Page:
Thursday, June 15, 2017

CTA Prototype Telescope, ASTRI, Achieves First Light

During the nights of 25 and 26 May, the camera of the ASTRI telescope prototype recorded its first ever Cherenkov light while undergoing testing at the astronomical site of Serra La Nave (Mount Etna) in Sicily managed by INAF-Catania. This comes not long after its optical validation was achieved in November 2016. This accomplishment was the first optical demonstration for astronomical telescopes using the novel Schwarzschild Couder dual-mirror design. The ASTRI telescope is a proposed Small-Sized Telescope design for the Cherenkov Telescope Array (CTA).

Although the camera was not fully configured, the ASTRI team was still able to capture its first Cherenkov light and produce beautiful images of the showers generated by cosmic rays in the Earth’s atmosphere. The image to the right shows one of the events captured by the team. This information will allow scientists to reconstruct the direction of gamma-ray photons emitted from celestial sources (indicated by the yellow line on the image on the left). The camera is based on novel SiPM small pixel sensors (7 mm x 7 mm) and CITIROC ASICS peak-finder front-end electronics. The camera was specifically designed to fit on the dual mirror ASTRI telescopes for covering a large field of view.

“The results gathered from the images are very much in line with the performance expectations established in the lab, proving the functionality of the camera for the ASTRI telescopes,” said Osvaldo Catalano, astronomer at the INAF-Palermo Institute and leader of the ASTRI camera development program. “The ASTRI team’s achievement is an important milestone and a big step toward the pre-production phase of ASTRI and CTA,” said Giovanni Pareschi, astronomer at the INAFMilano and principal investigator of the ASTRI project.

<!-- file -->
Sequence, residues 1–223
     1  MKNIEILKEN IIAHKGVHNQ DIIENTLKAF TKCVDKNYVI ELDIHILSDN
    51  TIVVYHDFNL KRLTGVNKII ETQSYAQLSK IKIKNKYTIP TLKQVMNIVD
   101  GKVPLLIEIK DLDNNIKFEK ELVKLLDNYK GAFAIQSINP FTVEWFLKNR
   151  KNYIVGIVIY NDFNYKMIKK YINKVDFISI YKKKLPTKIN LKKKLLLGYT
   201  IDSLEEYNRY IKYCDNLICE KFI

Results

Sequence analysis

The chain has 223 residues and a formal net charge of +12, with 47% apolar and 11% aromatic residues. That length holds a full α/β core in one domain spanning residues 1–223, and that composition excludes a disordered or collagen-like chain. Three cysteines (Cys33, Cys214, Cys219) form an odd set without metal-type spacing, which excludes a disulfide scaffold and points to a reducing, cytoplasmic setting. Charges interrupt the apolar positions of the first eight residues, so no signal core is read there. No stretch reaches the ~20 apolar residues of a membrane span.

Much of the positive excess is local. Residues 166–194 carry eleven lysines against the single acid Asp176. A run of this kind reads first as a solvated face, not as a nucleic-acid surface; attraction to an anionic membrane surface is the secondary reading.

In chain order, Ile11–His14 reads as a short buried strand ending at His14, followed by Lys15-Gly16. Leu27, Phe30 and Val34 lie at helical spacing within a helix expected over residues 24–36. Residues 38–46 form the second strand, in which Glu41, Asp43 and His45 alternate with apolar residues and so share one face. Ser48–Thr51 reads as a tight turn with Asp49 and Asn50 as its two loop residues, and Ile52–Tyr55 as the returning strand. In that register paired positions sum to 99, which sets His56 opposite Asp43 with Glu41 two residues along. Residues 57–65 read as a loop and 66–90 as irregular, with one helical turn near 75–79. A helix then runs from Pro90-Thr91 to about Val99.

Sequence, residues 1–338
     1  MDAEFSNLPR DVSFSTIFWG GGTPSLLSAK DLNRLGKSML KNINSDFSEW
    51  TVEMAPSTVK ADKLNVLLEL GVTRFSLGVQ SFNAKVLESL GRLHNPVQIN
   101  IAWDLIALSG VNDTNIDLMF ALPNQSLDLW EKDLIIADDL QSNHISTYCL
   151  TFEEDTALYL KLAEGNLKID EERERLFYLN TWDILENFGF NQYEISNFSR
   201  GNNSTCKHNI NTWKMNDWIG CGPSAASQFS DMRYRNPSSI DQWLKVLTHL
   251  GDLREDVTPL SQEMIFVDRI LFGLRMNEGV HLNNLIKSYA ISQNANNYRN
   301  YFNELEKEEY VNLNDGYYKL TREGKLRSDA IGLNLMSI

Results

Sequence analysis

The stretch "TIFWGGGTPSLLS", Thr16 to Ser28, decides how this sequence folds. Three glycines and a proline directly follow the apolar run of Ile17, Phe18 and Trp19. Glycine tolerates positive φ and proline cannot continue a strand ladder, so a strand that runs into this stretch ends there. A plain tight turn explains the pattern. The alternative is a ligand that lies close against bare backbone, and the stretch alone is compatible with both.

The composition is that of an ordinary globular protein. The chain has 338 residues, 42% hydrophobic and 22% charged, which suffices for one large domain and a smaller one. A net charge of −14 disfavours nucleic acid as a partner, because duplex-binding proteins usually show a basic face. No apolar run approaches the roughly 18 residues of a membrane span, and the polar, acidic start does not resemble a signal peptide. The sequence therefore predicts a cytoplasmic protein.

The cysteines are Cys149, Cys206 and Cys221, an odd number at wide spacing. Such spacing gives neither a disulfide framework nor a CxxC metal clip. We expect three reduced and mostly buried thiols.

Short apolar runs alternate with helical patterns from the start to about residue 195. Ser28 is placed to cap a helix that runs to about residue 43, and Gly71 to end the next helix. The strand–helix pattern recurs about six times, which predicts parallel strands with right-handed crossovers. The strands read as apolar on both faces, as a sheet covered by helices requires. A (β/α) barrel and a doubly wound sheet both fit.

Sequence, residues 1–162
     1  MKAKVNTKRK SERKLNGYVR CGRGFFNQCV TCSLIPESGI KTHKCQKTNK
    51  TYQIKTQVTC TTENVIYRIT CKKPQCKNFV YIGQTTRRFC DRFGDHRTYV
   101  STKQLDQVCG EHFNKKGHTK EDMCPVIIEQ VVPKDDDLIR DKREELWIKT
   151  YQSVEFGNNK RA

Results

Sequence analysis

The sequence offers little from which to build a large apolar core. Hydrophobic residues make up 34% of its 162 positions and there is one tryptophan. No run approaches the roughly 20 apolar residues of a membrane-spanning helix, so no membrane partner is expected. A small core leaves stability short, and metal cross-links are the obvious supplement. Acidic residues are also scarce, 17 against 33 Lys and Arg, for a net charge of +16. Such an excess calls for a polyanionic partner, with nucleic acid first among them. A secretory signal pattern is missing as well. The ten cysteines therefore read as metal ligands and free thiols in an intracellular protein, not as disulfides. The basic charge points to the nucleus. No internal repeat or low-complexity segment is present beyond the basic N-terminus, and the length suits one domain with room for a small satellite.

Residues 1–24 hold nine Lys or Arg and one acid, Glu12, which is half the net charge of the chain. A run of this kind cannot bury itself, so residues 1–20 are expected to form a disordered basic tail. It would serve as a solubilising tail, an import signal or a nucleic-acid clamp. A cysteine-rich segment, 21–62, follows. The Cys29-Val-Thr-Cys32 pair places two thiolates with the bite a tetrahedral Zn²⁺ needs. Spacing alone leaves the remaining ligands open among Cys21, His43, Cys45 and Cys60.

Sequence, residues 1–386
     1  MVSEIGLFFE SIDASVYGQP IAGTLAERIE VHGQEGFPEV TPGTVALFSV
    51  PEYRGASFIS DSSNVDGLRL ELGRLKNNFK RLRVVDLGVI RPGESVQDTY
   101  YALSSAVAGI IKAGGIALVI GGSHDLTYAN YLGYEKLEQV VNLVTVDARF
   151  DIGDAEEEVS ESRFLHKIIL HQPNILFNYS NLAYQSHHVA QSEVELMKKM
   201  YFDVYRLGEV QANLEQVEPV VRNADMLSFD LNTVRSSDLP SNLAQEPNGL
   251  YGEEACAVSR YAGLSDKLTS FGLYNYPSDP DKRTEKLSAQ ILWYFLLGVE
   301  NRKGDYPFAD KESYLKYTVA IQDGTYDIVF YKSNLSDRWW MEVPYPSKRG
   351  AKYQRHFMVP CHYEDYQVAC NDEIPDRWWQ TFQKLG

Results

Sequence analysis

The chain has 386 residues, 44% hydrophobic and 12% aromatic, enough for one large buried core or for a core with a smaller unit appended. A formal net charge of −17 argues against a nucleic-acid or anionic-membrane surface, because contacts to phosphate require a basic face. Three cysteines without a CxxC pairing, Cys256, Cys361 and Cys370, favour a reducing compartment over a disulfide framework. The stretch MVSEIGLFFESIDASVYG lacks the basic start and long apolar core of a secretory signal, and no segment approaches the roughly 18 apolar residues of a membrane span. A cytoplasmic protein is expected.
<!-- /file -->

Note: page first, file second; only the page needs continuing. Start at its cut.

Three classes of telescope types are required to cover the full CTA very-high energy range (20 GeV to 300 TeV): Medium-Sized Telescopes (12 m diameter dish) will cover CTA’s core energy range (100 GeV to 10 TeV) while the Large-Sized Telescopes (23 m) and Small-Sized Telescopes (4 m) or SSTs are planned to extend the energy range below 100 GeV and above a few TeV, respectively. The ASTRI telescope is one of three proposed SST designs being prototyped and tested for CTA’s southern hemisphere array. It uses an innovative dual-mirror Schwarzschild-Couder configuration with a 4.3 m diameter primary mirror and a 1.8 m monolithic secondary mirror.

The ASTRI project ( is led by the Italian National Institute of Astrophysics (INAF) with the collaboration of a number of Italian universities, the Italian National Institute of Nuclear Physics (INFN), Universidade de São Paulo in Brazil and North-West University in South Africa. 

The SSTs will outnumber all the other telescopes with 70 planned to be spread out over several square kilometers in the southern hemisphere array. Since the showers generated by very highenergy gamma-rays (between a few TeV and 300 TeV) produce a large amount of Cherenkov light, it is sufficient to build telescopes with small mirrors to catch that light. The SSTs’ wide coverage and large number, spread over a large area, will improve CTA’s ability to detect the highest energy gamma rays. 

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